Creating an OpenCV module for IoT Edge

Recently, I had a need to do image classification on the Edge using Azure IoT Edge.

To start, there are 2 challenges:

  1. No image detection module
  2. No image classification module

No problem, Azure IoT Edge support many languages, including Python, and with OpenCV we can connect to RTSP cameras and classify images.

This blog walks you through the process of setting up the image / video ingestion module.  Here is the image classification Machine Learning module .  It assumes you have Azure IoT Edge running.  New to IoT Edge?  Start here: https://docs.microsoft.com/en-us/azure/iot-edge/tutorial-python-module

Our Architecture will look something like this:

Drawing1

Note how openCV is a module used for image (or video stream) ingestion.  We later score or interact with the images.  Also note how the openCV module allows the Machine Learning module to fetch the image for scoring and processing.  This interaction allows for images or streams of any size to be scored and overcomes any message limitations.

To get started, open a new folder in Visual Studio Code and select View –> Command Palette

1

Select Edge: New IoT Edge Solution

2

Name your solution

3

Select Python Module Language

4

Name your Module

5

Select your Container Registry

6

Open the file main.py and replace the contents from: https://github.com/ksaye/IoTDemonstrations/blob/master/IoTEdgeOpenCV/main.py.  It is worth looking through the code to really understand what is happening.  Close and save this file.

Open the Dockerfile and replace the contents from: https://github.com/ksaye/IoTDemonstrations/blob/master/IoTEdgeOpenCV/Dockerfile note this file actually downloads opencv and builds the binaries.  Close and save this file.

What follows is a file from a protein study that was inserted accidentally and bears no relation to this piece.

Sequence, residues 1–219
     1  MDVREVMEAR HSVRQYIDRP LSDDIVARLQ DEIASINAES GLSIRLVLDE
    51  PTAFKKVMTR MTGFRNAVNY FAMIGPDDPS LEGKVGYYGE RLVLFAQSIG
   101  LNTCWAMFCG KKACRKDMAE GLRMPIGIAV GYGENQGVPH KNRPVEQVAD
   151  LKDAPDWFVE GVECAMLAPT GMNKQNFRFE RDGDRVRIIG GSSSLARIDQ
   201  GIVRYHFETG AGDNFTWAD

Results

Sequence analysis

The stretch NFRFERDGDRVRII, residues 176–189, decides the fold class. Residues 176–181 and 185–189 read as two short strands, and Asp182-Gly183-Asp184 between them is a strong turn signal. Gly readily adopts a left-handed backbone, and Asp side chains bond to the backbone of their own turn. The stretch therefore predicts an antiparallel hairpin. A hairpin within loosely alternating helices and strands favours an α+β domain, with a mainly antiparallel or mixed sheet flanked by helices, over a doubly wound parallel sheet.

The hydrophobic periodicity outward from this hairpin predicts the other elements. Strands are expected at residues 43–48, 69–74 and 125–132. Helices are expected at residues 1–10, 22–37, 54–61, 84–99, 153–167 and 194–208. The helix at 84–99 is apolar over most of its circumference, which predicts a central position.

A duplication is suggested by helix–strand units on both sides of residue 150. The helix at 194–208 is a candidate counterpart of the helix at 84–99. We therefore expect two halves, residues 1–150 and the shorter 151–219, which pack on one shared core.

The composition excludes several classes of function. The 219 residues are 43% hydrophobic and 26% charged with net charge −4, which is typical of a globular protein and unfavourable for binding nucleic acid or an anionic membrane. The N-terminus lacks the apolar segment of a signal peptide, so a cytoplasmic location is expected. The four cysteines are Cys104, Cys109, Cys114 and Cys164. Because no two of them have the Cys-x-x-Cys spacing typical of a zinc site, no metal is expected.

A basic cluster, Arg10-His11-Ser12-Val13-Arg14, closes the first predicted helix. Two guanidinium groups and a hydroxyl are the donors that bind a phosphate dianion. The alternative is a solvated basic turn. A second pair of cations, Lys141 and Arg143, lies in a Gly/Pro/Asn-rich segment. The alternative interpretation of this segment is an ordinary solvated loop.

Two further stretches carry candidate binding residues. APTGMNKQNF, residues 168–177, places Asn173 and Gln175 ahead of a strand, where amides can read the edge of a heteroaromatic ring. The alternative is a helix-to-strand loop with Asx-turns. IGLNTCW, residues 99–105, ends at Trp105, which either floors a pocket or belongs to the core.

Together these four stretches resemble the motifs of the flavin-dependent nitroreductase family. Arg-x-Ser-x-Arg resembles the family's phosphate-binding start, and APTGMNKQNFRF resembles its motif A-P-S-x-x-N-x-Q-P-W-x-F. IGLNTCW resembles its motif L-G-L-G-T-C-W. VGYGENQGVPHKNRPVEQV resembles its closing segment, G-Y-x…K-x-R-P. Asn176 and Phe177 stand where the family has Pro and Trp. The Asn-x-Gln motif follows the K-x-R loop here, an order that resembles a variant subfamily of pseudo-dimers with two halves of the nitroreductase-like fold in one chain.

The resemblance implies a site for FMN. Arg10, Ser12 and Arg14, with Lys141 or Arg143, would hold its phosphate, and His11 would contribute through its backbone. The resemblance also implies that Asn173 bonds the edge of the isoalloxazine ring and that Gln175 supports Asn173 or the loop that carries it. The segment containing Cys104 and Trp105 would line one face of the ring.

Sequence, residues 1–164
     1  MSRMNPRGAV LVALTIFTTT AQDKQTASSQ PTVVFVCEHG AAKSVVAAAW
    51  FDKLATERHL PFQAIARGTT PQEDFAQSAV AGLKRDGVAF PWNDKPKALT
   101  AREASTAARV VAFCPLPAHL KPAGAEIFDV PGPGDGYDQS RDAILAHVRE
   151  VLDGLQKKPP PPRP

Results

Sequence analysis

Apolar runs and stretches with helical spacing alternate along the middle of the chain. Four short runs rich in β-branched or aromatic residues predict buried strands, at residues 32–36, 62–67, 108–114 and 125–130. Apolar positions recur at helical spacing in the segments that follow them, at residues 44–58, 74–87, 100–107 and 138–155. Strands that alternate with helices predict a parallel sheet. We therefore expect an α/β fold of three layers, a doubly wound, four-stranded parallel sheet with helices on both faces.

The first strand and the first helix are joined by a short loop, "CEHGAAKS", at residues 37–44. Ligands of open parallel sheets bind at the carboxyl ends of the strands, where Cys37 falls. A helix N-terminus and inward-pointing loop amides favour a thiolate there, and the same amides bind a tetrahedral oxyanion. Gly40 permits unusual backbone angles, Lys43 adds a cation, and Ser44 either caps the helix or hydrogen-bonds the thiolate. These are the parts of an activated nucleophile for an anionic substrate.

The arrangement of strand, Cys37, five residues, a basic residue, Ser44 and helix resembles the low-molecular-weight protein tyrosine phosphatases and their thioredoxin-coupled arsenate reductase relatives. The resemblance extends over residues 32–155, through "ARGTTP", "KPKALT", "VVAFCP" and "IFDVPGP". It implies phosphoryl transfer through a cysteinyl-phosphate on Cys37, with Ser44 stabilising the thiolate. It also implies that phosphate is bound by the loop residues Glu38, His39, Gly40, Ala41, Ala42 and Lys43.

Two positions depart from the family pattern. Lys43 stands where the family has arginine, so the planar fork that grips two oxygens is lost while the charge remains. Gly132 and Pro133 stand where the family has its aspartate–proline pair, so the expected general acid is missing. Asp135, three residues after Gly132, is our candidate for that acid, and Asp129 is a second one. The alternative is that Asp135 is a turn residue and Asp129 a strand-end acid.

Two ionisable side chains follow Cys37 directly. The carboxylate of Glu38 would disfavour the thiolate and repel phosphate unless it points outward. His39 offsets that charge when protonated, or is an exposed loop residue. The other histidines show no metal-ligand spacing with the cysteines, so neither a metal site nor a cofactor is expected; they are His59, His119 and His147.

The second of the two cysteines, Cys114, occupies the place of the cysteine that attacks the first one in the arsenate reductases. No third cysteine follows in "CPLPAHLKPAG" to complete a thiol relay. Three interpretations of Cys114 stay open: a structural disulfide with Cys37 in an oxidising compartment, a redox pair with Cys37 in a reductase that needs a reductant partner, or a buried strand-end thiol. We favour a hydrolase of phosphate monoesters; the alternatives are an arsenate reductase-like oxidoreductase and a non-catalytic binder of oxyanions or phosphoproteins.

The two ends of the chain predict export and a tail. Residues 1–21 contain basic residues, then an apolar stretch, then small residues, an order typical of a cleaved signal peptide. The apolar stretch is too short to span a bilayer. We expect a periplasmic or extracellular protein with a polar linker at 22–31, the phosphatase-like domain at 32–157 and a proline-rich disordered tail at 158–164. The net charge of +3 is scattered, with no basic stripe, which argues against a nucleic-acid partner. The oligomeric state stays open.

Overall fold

Right click on module.json and click Build and Push IoT Edge Module Image

7

Select amd64 as your platform.  As of this writing, the Python module is only supported on 64 bit Linux.

8

Assuming you have login credentials to your container registry, it should upload and you can view the image via the Azure Portal

9

Next we will configure an IoT deployment, with settings needed.  Note, you can add other modules and routes later, which are not the focus of this blog.

In the Azure Portal, goto an existing IoT Edge device.  Select Set Modules

10

Select Add IoT Edge Module

11

At the module dialog, name the module, type your URI and (optionally) include the container create options that allow remote viewing of the images and include the desired properties of a valid RTSP URL as shown below.  You can copy and past the following JSON to make it simpler.

12

You can copy and past the following JSON to make it simpler.

{ 
	"ExposedPorts": {
		"8080/tcp": {}
	},
	"HostConfig": {
		"PortBindings": {
			"8080/tcp": [
				{
					"HostPort": "8080"
				}
			]
		}
	}
}

{ 
	"properties.desired": {
 		"imageProcessingInterval": 15,
 		"camaraArray" : {
 			"MyCamera": "rtsp://myUser:myPassword@192.168.15.253:88/videoMain"
 		}
 	}
}

Note, the JSON above assumes you are using a remote camera.  If you are using a local camera on the Linux host, you need to use the following JSON as the create options to give access to the /dev/video0 device:

{
  "ExposedPorts": {
    "8080/tcp": {}
  },
  "HostConfig": {
    "Privileged": true, 
    "Binds": [
      "/dev/video0:/dev/video0"
    ],
    "PortBindings": {
      "8080/tcp": [
        {
          "HostPort": "8080"
        }
      ]
    }
  }
}

Click Save and Next for the default route.

Finally click submit for to submit the task.

Assuming no typos, you should be able to type “docker ps” to see the image running and that it is visible from port 8080.

13

Viewing the docker logs (docker logs opencv) you will see the following logs in the opencv module:

14

You can also web browse to the docker container to see the image:

15

Lastly, you can see the message from Device Explorer:

16

Note we see the image size, name, URL, and changes from the prior image.  To understand the change methods, look to: https://stackoverflow.com/questions/189943/how-can-i-quantify-difference-between-two-images

Putting it all together and using Azure Stream Analytics + Power BI, we can see real-time the changes happening:

19

Also, looking at it from a hardware perspective, without any GPU’s it can consume CPU and, as shown below:

20

This is running on a 4 core “Intel(R) Core(TM) i5-2467M CPU @ 1.60GHz” machine.

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